Adjective "sensible" definition and examples



Definitions and examples


Done or chosen in accordance with wisdom or prudence; likely to be of benefit.
  1. 'a sensible diet'
  2. 'Marrying the two in a mutually beneficial collaboration seems a sensible solution and unlike most marriages, it needn't be expensive.'
  3. 'But even if this is true, it's still sensible and prudent not to base our plans on the rosiest of possible outcomes.'
  4. 'If spending on this scale is sensible, its wisdom ought to be demonstrable.'
  5. 'The 30 mph limit all the way from Waterhead through the village was surely sensible, and more likely to be obeyed.'
  6. 'A combination of sensible diet and moderate physical activity can effectively pull the plug on an expanding waistline.'
  7. 'They manage to make this sound quite sensible and to the benefit of both patients and the NHS.'
  8. 'In the meantime, women should be getting the clear message about the many health benefits of adopting a sensible diet and engaging in regular exercise.'
  9. 'A healthy diet coupled with sensible exercise is the only way to regain one's figure and fitness levels after child birth.'
  10. 'And this is likely to encourage sensible treatment decisions, and also lifestyle decisions, so that people can make the best of what might be limited time.'
  11. 'Drivers are more likely to respect a sensible approach to road safety such as locally controlled temporary limits, as used successfully by a number of other councils around the country.'
  12. 'Vice is like suffering: each individual instance of it is regrettable, but what sensible person would wish to eliminate it altogether?'
  13. 'Now why any sensible person, who is supposedly committed to their partner, would begin to think that this could be good for their relationship is totally beyond me!'
  14. 'But more sensible people say, ‘Why are you so sold on the notion that this World is all there is?’'
  15. 'What sane, sensible person would throw more than a billion dollars at the overseas sharemarket at a time of major volatility?'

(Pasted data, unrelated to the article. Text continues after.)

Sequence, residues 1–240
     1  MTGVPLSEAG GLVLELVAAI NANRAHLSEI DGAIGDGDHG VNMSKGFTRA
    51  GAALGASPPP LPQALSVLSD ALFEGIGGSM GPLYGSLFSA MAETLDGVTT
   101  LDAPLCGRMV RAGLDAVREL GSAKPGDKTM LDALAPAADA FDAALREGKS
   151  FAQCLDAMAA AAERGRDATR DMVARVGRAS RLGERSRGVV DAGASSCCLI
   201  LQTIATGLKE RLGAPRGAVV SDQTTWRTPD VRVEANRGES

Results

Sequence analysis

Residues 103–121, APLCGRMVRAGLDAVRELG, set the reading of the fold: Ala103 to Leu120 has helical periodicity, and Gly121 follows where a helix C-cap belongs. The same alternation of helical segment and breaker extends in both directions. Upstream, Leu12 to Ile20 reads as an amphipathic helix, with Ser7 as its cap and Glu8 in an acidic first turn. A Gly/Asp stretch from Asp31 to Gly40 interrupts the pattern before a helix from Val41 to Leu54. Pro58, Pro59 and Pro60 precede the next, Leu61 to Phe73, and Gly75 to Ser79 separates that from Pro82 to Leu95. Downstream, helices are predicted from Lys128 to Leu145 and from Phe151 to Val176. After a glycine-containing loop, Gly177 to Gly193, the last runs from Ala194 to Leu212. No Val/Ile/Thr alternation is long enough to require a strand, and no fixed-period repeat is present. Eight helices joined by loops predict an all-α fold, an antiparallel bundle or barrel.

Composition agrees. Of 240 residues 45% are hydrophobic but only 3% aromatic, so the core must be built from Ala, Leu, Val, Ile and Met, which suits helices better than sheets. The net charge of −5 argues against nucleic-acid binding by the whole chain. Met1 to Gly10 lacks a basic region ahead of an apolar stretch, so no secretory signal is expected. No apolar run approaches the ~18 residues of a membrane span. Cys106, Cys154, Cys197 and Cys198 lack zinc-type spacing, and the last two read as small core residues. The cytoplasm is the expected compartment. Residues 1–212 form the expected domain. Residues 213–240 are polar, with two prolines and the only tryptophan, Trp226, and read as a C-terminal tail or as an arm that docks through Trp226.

16. 'That said, I recognise that there are perfectly sensible people who prefer Beethoven to the Beatles, and who choose to discuss things at a more rarefied level than I care to myself.'
  17. 'I see a balance between a very few sensible people and a crowd of craven cretins.'
  18. 'In such a situation, what do sensible people do?'
  19. 'But I do know sensible people who are far, far more optimistic.'
  20. 'Good, normally sensible drivers start thinking about taking chances.'
  21. 'A number of normally sensible people in Europe have supported this proposition.'
(of an object) practical and functional rather than decorative.
  1. 'A car for everyone, a sensible, safe, practical tool in which people and luggage can be transported reliably, efficiently and as cheaply as technically possible.'
  2. 'That marked the transition to sensible, practical footwear but she still had to have her swan song.'
  3. 'What I do care about is the practicality of running around in a sandpit with sensible shoes on for 10 minutes.'
  4. 'I felt like a 29 year old kid in a rather sensible sweet shop, buying all the things I've wanted for weeks but done without.'
  5. 'The card is only a fraction of the size compared what were used to seeing with 3D cards, but nevertheless, this type of design is sensible as well as practical.'
Readily perceived; appreciable.
  1. 'And even if it did, our mind's ability to perceive what is sensible would not necessarily be accurate.'
  2. 'we are sensible of the difficulties he faces'
  3. 'A truly humble man is sensible of his natural distance from God; of his dependence on him; of the insufficiency of his own power and wisdom.'


1. having, using, or showing good sense or sound judgment: a sensible young woman.

2. cognizant; keenly aware (usually followed by of): sensible of his fault.

3. significant in quantity, magnitude, etc.; considerable; appreciable: a sensible reduction in price.

4. capable of being perceived by the senses; material: the sensible universe.

5. capable of feeling or perceiving, as organs or parts of the body.

6. perceptible to the mind.

7. conscious: The patient was spee

More examples(as adjective)

"uses can be sensible in places."

"people can be sensible to people."

"corrections can be sensible for markets."

"voters can be sensible to nos."

"times can be sensible in conditions."

More examples++


Late Middle English (also in the sense ‘perceptible by the senses’): from Old French, or from Latin sensibilis, from sensus (see sense).